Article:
I’ve been thinking about the teachings in my meditation class this past Monday. Buddhism starts with the concept of suffering. From courses I’d taken in college I knew about the Buddhist concept of The Four Noble Truths: The nature of life is suffering. Our desire for pleasure and our aversion to pain create more suffering. Relinquishing craving reduces suffering. And the way to the cessation of suffering is The Noble Eightfold Path.
Essentially, we suffer because life is impermanent and imperfect. We try to seek pleasure and avoid pain and the more we do this, the more we suffer. The answer is to stop doing this. And the Buddha figured out how.
But there is a difference between philosophical knowing and experience, my teacher said. If we think about following the breath we are being philosophical. If we can really follow the breath, we are experiencing a moment of mindfulness which will increase our awareness. “This is an on-the-job training of how to work with suffering,” he said. “We have to consciously know what our pain is.”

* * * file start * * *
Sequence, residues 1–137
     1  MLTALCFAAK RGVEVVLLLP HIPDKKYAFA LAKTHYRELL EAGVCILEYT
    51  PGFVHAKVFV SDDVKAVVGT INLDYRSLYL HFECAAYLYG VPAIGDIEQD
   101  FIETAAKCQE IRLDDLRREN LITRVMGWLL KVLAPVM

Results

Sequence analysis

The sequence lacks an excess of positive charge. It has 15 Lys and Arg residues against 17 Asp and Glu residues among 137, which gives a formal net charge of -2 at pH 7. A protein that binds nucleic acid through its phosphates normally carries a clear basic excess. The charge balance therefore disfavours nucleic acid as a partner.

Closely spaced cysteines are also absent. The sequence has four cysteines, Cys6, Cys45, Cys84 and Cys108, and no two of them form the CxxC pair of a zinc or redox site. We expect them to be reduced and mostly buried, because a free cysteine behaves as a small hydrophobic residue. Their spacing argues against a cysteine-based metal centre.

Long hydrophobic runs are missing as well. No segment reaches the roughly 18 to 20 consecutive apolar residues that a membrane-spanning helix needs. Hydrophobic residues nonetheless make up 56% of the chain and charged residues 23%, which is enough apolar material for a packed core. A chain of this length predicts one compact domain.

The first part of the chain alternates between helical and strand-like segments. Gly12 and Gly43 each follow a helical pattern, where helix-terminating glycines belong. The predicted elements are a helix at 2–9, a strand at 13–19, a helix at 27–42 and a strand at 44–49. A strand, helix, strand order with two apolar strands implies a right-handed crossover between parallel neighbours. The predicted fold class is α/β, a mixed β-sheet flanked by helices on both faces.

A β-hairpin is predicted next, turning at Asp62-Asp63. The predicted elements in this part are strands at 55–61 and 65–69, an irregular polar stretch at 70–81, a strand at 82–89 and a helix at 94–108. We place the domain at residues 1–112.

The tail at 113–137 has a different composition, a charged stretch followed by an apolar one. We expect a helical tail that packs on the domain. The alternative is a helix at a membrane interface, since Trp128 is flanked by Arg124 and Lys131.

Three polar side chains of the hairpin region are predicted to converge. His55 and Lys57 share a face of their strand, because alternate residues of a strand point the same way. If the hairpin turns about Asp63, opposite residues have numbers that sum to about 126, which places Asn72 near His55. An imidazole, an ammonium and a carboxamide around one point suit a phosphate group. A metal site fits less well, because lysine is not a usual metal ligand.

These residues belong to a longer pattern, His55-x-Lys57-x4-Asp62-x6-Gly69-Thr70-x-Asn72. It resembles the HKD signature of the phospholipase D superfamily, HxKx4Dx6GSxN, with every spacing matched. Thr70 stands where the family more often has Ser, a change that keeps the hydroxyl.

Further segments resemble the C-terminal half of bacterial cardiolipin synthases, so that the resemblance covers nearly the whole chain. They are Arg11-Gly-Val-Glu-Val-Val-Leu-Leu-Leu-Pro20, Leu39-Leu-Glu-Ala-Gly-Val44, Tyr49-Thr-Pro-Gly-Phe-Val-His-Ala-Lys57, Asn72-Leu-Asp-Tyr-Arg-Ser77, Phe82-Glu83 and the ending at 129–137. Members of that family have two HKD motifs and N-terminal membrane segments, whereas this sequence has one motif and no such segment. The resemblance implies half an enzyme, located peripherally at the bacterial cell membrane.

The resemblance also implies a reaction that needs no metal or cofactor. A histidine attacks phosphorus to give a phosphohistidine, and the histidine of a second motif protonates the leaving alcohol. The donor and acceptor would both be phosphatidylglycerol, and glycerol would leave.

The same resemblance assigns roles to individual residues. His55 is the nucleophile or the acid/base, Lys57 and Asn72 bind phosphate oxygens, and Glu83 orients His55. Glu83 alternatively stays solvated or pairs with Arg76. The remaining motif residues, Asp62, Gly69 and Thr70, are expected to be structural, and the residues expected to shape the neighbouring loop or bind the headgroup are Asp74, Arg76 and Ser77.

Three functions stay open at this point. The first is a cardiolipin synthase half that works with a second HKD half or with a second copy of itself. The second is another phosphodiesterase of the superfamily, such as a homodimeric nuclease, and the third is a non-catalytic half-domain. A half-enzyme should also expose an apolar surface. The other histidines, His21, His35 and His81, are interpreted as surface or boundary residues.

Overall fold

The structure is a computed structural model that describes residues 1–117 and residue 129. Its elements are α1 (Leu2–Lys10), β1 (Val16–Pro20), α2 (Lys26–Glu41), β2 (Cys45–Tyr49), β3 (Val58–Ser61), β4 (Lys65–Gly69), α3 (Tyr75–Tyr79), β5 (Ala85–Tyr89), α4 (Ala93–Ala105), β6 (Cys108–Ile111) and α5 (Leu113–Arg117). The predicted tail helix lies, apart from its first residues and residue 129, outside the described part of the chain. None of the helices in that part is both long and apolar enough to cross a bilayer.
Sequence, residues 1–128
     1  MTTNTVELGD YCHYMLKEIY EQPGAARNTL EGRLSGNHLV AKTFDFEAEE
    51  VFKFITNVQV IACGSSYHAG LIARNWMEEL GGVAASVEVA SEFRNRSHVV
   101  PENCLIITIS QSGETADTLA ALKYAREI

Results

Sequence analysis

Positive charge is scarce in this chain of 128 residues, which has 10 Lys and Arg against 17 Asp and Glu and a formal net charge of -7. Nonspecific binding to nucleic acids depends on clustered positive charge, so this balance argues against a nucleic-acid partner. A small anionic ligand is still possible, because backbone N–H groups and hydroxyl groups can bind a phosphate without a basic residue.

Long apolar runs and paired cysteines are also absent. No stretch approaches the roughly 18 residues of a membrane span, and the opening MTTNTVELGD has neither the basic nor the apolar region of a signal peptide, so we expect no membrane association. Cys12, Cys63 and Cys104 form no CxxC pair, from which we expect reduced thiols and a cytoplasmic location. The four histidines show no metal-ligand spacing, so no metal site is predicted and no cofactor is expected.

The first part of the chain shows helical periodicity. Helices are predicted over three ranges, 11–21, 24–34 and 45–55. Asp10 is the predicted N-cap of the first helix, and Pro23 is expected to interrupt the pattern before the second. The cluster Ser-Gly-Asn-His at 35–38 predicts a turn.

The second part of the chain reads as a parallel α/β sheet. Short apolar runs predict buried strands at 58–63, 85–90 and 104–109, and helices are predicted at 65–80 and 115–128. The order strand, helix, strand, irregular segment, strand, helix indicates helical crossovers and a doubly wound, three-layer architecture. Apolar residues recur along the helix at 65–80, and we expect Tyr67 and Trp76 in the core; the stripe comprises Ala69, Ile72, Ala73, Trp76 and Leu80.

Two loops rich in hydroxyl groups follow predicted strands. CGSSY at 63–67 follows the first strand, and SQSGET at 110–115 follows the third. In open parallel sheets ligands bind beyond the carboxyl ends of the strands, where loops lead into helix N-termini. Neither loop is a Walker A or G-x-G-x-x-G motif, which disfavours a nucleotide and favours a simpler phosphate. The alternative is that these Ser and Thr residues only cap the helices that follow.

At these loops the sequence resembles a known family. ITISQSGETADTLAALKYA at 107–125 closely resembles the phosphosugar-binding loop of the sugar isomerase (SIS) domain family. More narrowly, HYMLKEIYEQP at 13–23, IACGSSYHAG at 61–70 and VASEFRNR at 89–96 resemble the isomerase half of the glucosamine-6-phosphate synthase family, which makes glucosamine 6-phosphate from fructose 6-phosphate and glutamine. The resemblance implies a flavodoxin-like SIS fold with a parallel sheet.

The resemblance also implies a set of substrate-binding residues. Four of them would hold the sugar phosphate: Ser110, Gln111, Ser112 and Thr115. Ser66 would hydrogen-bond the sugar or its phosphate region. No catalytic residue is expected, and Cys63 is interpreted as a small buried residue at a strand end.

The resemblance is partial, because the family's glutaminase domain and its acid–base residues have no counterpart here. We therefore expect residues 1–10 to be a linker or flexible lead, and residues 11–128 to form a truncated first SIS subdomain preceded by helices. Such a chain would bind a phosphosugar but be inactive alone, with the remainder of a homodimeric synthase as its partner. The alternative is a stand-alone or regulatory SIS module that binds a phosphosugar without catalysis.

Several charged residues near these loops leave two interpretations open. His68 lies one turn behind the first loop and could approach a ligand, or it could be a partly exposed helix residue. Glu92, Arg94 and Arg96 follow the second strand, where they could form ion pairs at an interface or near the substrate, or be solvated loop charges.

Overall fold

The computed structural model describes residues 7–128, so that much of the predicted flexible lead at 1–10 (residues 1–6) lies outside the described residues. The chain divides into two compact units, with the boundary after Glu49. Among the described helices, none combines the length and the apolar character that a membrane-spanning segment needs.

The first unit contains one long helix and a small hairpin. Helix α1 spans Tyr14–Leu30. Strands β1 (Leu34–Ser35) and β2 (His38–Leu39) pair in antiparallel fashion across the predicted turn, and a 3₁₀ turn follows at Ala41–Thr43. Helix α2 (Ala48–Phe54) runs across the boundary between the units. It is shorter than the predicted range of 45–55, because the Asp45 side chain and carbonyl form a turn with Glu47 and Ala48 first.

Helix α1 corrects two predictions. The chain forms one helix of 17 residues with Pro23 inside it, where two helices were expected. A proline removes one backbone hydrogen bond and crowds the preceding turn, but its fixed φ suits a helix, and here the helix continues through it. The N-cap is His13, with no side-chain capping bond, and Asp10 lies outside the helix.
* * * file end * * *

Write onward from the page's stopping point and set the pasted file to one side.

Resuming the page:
He referred back to the comments made by students at the first class about wanting to quiet the mind, calm a busy life, deal with our inability to pay attention to the present moment. This is the suffering. Our dissatisfaction with everyday life is the suffering the Buddha was talking about. Oh. I have that.
This is the way Buddhism works. It doesn’t work by trying to pray yourself out of a situation. It works by looking at the causes of our pain and the ways we can remove those causes…We keep trying to jack up the volume of life, but underneath it is the deep sorrow. Turn down the volume and deal with the sorrow. How bad is it? You realize, I can deal with it. This capacity holds the whole key to making life harmonious.
It’s not all bad. Just as we avoid the unpleasant in our mind, we miss being aware of much that is pleasant. The more simple you are with each sensation, he said, the more beauty you will be aware of.